Connecticut gardener Thyrza Whittemore uses dark-gray beech branches in big containers to support colorful sweet peas (or try growing other tender twiners, such as morning glories or black-eyed Susan vine). While any hardwood cuttings can be used, a beech's flat branching structure creates a conveniently tidy form. Sweet peas can reach 6 to 8 feet in height, so size branches accordingly.
Put in the largest supports
Insert four tall branches firmly around the edges of a container filled with rich potting soil. Beech branches are especially graceful, but any woody plants with lots of side branching—butterfly bushes, Japanese maples, birch, high-bush blueberries—can be used.
Add smaller branches
Insert smaller branches into the soil between each of the large ones. Any that are too short to meet at the top can be woven in. Make sure there are plenty of fine twigs for tendrils to grasp. Weave in or snip any that stick out.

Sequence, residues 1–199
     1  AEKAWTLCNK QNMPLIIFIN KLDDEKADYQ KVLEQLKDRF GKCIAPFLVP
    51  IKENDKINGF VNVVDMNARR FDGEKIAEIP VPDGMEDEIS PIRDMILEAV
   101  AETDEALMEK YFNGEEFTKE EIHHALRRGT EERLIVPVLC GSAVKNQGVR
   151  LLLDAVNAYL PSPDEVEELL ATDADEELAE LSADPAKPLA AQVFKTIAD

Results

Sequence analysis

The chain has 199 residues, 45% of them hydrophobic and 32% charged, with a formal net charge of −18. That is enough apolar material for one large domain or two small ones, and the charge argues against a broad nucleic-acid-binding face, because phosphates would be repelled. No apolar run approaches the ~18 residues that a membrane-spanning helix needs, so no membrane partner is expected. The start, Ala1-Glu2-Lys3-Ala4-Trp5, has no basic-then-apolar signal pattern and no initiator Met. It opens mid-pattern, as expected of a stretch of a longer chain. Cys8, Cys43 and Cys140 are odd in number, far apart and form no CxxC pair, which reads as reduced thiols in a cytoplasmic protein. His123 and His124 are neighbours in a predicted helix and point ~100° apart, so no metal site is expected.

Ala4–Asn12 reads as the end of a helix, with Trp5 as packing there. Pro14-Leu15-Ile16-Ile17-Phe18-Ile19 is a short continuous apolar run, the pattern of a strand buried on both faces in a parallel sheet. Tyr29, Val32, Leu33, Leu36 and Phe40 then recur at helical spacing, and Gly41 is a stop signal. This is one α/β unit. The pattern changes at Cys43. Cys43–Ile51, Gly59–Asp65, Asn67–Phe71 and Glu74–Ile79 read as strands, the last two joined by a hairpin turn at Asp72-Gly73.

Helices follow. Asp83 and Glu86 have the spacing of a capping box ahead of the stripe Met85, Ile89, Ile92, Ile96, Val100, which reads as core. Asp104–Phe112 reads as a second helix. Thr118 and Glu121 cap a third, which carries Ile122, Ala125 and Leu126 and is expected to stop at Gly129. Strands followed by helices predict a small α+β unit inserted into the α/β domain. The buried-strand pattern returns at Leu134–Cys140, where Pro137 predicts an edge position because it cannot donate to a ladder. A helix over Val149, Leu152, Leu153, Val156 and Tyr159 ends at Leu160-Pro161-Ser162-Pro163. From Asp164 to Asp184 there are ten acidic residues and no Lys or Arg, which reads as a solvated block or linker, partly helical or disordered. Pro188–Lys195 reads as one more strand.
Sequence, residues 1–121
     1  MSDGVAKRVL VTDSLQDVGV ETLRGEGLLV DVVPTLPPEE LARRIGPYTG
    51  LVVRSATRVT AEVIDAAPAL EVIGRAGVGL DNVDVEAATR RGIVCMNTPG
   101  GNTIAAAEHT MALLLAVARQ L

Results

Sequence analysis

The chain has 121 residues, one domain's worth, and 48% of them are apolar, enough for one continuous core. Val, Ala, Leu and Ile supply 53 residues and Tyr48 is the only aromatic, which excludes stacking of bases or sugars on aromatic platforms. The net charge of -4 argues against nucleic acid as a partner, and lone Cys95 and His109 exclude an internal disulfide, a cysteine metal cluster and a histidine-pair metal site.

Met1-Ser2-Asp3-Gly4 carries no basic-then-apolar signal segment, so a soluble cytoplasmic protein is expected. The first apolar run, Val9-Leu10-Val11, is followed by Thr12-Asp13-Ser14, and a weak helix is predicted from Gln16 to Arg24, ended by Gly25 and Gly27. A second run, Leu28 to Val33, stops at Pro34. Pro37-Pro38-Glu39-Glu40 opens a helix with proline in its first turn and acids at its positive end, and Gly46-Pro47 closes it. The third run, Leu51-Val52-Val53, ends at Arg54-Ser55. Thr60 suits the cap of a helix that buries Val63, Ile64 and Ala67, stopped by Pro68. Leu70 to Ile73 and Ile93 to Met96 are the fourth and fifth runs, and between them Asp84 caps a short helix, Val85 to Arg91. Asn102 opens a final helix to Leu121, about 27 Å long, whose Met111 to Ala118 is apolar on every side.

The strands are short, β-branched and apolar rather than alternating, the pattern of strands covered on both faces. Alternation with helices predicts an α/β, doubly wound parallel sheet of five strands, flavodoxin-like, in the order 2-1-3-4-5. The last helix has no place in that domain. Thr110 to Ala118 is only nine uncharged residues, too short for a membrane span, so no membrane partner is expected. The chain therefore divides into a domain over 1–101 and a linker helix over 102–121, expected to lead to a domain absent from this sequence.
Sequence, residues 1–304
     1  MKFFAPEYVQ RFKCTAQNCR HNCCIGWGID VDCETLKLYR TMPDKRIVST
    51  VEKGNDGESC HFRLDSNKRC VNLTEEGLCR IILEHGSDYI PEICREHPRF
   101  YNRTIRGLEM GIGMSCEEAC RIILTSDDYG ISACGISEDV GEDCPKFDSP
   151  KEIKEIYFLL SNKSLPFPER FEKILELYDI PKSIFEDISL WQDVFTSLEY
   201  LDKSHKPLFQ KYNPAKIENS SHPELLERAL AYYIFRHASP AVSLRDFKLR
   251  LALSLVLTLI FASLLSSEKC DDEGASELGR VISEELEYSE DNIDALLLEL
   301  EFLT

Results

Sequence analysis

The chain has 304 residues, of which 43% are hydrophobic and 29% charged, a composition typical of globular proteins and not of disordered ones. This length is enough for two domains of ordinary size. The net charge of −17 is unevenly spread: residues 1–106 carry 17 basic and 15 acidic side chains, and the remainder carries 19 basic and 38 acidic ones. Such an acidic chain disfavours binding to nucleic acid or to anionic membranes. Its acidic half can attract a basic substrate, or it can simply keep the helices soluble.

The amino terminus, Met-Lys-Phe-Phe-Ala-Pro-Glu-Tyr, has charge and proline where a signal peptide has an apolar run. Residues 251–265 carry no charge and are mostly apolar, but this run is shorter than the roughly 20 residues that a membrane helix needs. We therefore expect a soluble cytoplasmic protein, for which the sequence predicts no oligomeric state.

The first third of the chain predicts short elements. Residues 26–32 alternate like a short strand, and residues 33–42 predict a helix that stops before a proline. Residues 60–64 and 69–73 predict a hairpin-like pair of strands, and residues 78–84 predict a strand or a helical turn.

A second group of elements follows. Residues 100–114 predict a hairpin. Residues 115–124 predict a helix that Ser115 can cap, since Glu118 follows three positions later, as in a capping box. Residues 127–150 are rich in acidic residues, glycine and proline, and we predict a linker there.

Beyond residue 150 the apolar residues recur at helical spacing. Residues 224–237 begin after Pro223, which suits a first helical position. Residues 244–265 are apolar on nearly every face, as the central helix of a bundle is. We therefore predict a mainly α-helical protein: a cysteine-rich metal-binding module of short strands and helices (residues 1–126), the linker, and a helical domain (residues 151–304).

Tie the top
Gather the tallest branches near their tops and tie them together with twine. Stand back and take a good look. Adjust the top if the whole structure leans. Tuck in any unruly branches or cut any outward-facing ones.
Insert another round of little branches to fill in any holes. Tuck in, tie, or trim stray twigs on the inside, as needed. Plant sweet peas (or other vines). Thyrza also plants the center with lettuce, which fills the space quickly and can be harvested before the sweet peas take over.
Enjoy the show
Placed in a vegetable bed, a container of sweet peas adds summer-long color even as the edibles planted around it come and go. To keep the pot looking tidy as the plants climb up, just tuck in any stray shoots. Water frequently. Thyrza mixes moisture-retaining granules into the soil to help keep her pot from drying out.